Most of us count calories, some become obsessive, but how do you know when the counting goes too far? Anorexia may seem like the mental health issue of teenagers, but many adults suffer from it too, some without even realising.

The average calorie intake for men is two thousand five hundred; the average for women is two thousand, yet for anorexia sufferers this seems far too much some opting to stick below five hundred just to be on the safe side.

To lose weight it is recommended that you cut your calories by five hundred each day, this ensures that you will burn more energy than energy consumed yet still leave you feeling fit and healthy. Any less and you risk dizziness, lethargy, skin problems and more.

Anorexics will look in the mirror at a perfectly healthy body well within the BMI range and decide it is too fat. Despite dieting and eating semi healthily, an anorexic doesn’t diet for optimum body health. They will diet for weight.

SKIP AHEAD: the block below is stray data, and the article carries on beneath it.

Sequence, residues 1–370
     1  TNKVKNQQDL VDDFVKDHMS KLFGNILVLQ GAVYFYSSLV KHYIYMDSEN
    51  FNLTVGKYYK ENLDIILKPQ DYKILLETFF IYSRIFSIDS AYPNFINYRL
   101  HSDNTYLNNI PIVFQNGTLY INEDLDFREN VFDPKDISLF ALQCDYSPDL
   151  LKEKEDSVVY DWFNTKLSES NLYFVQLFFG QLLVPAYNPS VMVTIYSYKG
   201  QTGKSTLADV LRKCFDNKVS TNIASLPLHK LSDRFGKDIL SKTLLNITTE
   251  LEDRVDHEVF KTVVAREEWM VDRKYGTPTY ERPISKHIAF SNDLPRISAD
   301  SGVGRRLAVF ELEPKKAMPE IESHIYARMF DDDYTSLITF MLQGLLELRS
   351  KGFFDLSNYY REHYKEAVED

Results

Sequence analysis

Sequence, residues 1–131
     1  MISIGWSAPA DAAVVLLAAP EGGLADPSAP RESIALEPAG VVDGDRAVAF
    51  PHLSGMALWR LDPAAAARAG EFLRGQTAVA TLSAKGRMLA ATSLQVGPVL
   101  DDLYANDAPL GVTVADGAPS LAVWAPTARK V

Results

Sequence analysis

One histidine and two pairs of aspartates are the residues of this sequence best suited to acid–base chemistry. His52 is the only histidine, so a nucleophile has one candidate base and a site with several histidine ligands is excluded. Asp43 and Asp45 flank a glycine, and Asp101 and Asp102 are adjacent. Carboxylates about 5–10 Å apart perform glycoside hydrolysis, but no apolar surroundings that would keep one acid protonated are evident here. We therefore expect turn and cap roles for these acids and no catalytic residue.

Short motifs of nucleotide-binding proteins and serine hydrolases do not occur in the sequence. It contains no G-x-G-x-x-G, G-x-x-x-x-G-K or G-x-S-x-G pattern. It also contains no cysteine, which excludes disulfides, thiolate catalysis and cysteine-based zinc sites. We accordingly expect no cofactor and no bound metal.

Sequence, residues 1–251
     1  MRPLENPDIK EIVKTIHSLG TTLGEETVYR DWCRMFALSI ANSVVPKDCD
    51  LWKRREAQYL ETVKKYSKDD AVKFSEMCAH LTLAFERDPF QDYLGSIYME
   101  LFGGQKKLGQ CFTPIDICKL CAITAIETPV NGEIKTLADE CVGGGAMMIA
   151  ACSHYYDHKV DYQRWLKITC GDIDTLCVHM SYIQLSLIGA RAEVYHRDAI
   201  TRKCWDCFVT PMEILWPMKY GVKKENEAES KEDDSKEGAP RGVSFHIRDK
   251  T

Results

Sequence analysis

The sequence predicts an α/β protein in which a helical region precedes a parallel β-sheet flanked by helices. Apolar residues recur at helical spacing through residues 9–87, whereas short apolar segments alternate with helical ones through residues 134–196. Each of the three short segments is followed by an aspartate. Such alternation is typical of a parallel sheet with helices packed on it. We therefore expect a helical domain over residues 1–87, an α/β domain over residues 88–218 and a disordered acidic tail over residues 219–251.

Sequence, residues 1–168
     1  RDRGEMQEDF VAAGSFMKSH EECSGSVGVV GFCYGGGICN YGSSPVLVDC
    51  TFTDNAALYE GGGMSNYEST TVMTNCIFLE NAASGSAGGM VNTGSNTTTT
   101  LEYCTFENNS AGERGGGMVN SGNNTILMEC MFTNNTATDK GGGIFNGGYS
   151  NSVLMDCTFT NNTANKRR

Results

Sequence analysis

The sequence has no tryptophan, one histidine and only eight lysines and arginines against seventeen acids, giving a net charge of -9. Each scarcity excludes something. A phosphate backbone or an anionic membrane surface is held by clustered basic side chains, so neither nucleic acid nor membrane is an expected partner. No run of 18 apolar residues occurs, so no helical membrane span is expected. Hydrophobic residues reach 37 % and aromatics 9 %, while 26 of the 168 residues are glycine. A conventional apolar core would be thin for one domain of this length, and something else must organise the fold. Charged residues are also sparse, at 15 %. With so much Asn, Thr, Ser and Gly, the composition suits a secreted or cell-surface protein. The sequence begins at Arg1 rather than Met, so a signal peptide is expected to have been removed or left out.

If health was an issue then side effects of anorexia would see many reaching for the pies yet the single focus of an anorexic is weight loss and weight loss alone.

An anorexic will set targets for themselves, it’s not good enough to have a flat stomach, they prefer a concave stomach, this gives them enough leeway in case one day they are forced to eat and end up putting on a little weight.

The scales are an anorexics best friend, often weighing themselves compulsively throughout each day, after every calorie burning exercise and after every trip to the bathroom.

Someone suffering from Anorexia Nervosa will despise food in all its form, yet they will be unable to think of anything else. They will plan their days so they can eat dinner with the family but still burn off twice as many calories than they have ingested.

As with any addiction an anorexic will lie as if it is second nature. They will fib about having a muffin for lunch when what they really indulged in was a glass of water and a grape. Their self-esteem will be low and as well as hating food they will hate themselves for their weaknesses and the times when they can no longer abstain and have to give into what their body craves. Sustenance.

Above all, the general myth about Anorexia being a dieting disease is a myth. The disease runs much deeper than this superficial tagline. Anorexia is an obsessive compulsive disorder that results from mental health problems and the need for the individual to be in control of their own life.

Copywriting Services and this post by Martina Mercer